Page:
♦ Effective fire, shifting seamlessly from weapon-to-weapon is brought to bear on the threat vehicles.
The above task is undertaken by ADCRS. Facing the type of air threat as described above without a sound ADCRS muscle is like sending your soldiers unarmed, blind-folded and handcuffed against an adequately armed and well-trained enemy.
The ADCRS is not simply ‘communication’ or passing some odd ‘orders’, it actually makes the air defence battle happen by performing the following tasks.
♦ Surveillance of the air space.
♦ Detection of aerial targets.
♦ Fuzing the inputs from multiple sensors to remove duplication.
♦ Generation of Air Situation Picture (ASP) and cumulating the same upwards up to the theatre level.
♦ Identification of aerial targets into friendly or hostile.
♦ Prioritization of the threat based on immediacy and lethality.
♦ Selection of the most ideal weapon to engage the threat.
♦ Designation of the target to the selected weapon system.
♦ Dynamically shifting the fire from weapon-to-weapon ensuring seamless and successive punishment to the threat.
♦ Minute-to-minute control of the air defence battle.
Relating ADCRS to the battlefields of Nagorno-Kabarakh
Following points need attention.
♦ While, the major losses of Armenia are attributed to the lethality of Bayractar and Horop drones pitched against an enemy showing deficit in tactics, training, and skilful use of ground, what about the destruction of 60 GBADWS including the crippling of S-300 BMD system by a lowly Horop? This is where the ADCRS deficit showed up.
♦ While the Armenian GBADWS inventory did not possess the latest anti-drone weaponry, it certainly had many systems that could keep the drones in their place. Such weapons included high-rate of fire ZU 23 towed guns, Schilka Gun Mounts, Strela and OSA-AK SAMs. However, these could not make a dent because these were not tied up properly by the ADCRS in the manner explained above.
♦ Live-streaming videos from the battlefield showed no coordinated fire and move of GBADWS. Most of these were seen firing stand-alone and in a sporadic mode. The old-vintage sensors of some bigger SAMs (SA4, SA6, BukM2, Pechora etc) emitting copiously were seen becoming easy targets for radiation-homing drones. The ghastly sight of a Horop ramming into the huge sensor of S-300 was ugly for any air defender.
♦ The net feeling is that either the ADCRS was totally not there or was not operating as it should have. Either way, the destruction was catastrophic and the absence of the ADCRS (besides other voids) was driven home loud and clear.
Where are we?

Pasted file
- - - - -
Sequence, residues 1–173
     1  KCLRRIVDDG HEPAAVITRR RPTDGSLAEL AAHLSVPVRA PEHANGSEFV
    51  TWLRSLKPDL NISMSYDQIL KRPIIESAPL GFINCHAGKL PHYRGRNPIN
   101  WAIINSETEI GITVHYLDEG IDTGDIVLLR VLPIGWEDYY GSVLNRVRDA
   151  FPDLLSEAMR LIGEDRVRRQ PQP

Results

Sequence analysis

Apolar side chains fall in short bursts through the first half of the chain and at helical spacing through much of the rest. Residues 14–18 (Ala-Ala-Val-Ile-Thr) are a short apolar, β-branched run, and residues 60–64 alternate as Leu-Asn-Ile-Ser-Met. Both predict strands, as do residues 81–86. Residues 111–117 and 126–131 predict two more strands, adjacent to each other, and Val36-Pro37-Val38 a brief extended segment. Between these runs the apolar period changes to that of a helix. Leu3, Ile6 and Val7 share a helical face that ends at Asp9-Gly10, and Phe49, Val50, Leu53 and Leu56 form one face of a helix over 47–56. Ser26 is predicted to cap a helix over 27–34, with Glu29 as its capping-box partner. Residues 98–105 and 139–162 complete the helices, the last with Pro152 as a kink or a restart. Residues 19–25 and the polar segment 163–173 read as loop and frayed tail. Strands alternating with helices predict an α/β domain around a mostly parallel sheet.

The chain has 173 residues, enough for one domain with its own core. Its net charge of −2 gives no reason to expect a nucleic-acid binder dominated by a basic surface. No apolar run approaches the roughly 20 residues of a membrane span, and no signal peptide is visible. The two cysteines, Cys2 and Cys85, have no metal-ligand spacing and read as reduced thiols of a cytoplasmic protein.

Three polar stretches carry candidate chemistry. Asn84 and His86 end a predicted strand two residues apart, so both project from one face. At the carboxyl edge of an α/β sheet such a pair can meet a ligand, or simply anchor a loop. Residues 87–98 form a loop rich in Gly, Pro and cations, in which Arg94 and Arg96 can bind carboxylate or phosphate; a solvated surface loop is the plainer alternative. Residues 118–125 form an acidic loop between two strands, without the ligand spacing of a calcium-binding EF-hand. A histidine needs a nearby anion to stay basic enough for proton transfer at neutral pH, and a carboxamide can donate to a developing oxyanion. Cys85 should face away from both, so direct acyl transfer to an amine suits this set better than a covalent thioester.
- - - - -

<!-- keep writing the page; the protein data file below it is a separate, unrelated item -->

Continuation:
It may be relevant to mention that not only do we possess nearly the same inventory of GBADWS as Armenia, our potential adversaries have much more drone strike power than Azerbaijan. What about our ADCRS?
Following points are stated.
♦ In our country, the ‘responsibility’ of the air defence of the national air space rests with the Air Force.
♦ This ‘responsibility’ actually manifests as the overall ‘control’ of the air defence battle by the Air Force (AF). In that, while air defence is prosecuted by all the three Services in their respective core-competency domains of land, sea and air, the overall control remains with AF. This is the ‘control’ that takes the name- ‘ADCRS’.
♦ For executing ADCRS responsibility, the AF has established an Integrated Air Command and Control System (IACCS) at the national level. Some points about IACCS are stated below.
◙ IACCS rides on the Air Force Net (AF Net) with SATCOM as the medium of communication. IACCS essentially comprises a series of ADCRS nodes starting from the national level down to formation HQs.
◙ At some point in this chain, the IACCS hand-shakes with the ADCRS nodes of the Army and the Navy which take the chain forward right to tactical battle area.
◙ In this way, the connectivity of the IACCS, duly integrated with the other two Services effectively extends right from the highest level of control down to weapon end.
◙ There are procedures in place (standing instructions, control orders, degrees of autonomy etc.) which ensure the execution of the ADCRS function through IACCS control.
◙ IACCS not only integrates with the other two Services, but also, with civil aviation and all other stake-holders.
◙ Besides air defence, IACCS also controls many other air power related functions like offensive air support operations, close support operations to ground forces and air space management.
We have to obviate gaps and voids that lie in the ADCRS/IACCS domain and ensure that:-
♦ The handshake between the ADCRS of the three Services must be perfect and seamless so that IACCS is effective.
♦ This handshake must be checked and practiced repeatedly in various tri-Service exercises conducted in a hostile EW environment.
♦ Redundancies must be engineered to cater for crippling soft-attacks on the ADCRS links spread across Service domains.
♦ Training needs to hone the skills of operators in the IACCS regime must receive high priority.